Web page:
He also seems to attribute a wider meaning to the concept of word / gospel as used in the NT:
“The earliest church was centrally constituted as the people called into existence, and sustained in that existence, by the powerful, effective and (in that sense and many others) ‘authoritative’ word of God, written in the Old Testament, embodied in Jesus, announced to the world, taught in the church.” (p.37)

In the same way, NT Wright goes on to discuss the way in which Paul and the other New Testament authors were conscious of the importance of their own words and writings, believing themselves to be ‘authorized’ teachers, by the guidance and power of the Spirit. In his own words:

“The apostolic writings, like the ‘word’ which they now wrote down, were not simply about the coming of God’s kingdom into the world; they were, and were designed to be, part of the means whereby that happened, and whereby those through whom it happened could themselves be transformed into Christ’s likeness.” (p.38)

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Further things to add to yesterday’s ponderings on a God who speaks, from reading NT Wright this morning…

I’ll let him speak for himself:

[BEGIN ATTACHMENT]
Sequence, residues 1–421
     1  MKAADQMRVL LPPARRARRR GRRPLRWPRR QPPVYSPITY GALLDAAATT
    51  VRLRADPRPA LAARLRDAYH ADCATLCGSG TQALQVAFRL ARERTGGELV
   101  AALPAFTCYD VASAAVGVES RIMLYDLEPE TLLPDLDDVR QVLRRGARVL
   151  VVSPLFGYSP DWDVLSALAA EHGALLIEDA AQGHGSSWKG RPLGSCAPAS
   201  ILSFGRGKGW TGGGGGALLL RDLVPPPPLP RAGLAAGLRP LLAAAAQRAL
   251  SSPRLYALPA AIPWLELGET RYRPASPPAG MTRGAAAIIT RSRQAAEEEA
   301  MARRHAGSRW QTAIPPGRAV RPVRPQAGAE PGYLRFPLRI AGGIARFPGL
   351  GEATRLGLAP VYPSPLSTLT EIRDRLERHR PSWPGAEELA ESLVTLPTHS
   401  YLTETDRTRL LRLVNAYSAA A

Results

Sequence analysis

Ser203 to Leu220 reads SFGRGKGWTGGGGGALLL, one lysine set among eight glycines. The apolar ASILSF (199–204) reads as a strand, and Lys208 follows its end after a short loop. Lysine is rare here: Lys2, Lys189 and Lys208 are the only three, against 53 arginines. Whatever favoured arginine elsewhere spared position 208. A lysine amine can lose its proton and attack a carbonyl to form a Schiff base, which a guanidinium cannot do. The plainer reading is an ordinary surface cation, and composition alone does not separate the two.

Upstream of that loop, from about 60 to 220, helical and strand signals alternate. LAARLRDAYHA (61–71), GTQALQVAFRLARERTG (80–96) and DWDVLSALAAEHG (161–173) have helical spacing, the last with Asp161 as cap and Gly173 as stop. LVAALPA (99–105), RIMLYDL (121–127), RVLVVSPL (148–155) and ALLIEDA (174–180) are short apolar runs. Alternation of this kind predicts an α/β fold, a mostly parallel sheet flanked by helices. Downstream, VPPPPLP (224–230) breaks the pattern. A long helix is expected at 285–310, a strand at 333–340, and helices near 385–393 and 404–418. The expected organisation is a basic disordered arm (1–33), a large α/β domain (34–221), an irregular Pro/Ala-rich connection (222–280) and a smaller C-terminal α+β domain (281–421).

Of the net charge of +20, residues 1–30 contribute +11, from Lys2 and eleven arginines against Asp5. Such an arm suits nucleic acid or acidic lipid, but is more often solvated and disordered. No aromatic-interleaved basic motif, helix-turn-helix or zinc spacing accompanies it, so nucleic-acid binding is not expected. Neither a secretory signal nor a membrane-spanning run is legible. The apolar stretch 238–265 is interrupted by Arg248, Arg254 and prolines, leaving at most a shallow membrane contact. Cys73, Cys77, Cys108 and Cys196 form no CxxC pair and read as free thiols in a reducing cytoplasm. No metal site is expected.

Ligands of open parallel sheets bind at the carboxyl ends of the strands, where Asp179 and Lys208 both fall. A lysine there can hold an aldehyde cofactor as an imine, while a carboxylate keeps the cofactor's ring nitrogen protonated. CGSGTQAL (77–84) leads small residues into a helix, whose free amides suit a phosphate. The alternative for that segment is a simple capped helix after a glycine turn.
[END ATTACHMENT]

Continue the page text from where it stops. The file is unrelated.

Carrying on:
“…through it all we find the elusive but powerful idea of God’s ‘word’, not as a synonym for the written scriptures, but as a strange personal presence, creating, judging, healing, recreating.”
(p.28)

He goes on to quote the following scriptures:

“By the word of YHWH were the heavens made, and all the host of them by the breath of his mouth.”
Psalm 33.6
– again, the word of God and his breath are hung together

“Is not my word like a fire, and like a hammer that breaks the rock in pieces?”
Jeremiah 23:29

“All flesh is like grass, it withers and fades, but the word of our God will stand for ever”
Isaiah 40:8

“Like the rain and snow, coming down and watering the earth… so shall my word be that goes forth from my mouth; it will not return to me empty, but it will succeed in the tasks for which I send it”
Isaiah 55:10-11
– God’s word is clearly personified here. In what sense can words return, empty or not?

“The word is near you, on your lips and in your heart, so that you may do it.”
Deuteronomy 30:14

I thought of a couple more as well…

“…and the sword of the Spirit, which is the word of God.”
Ephesians 6:17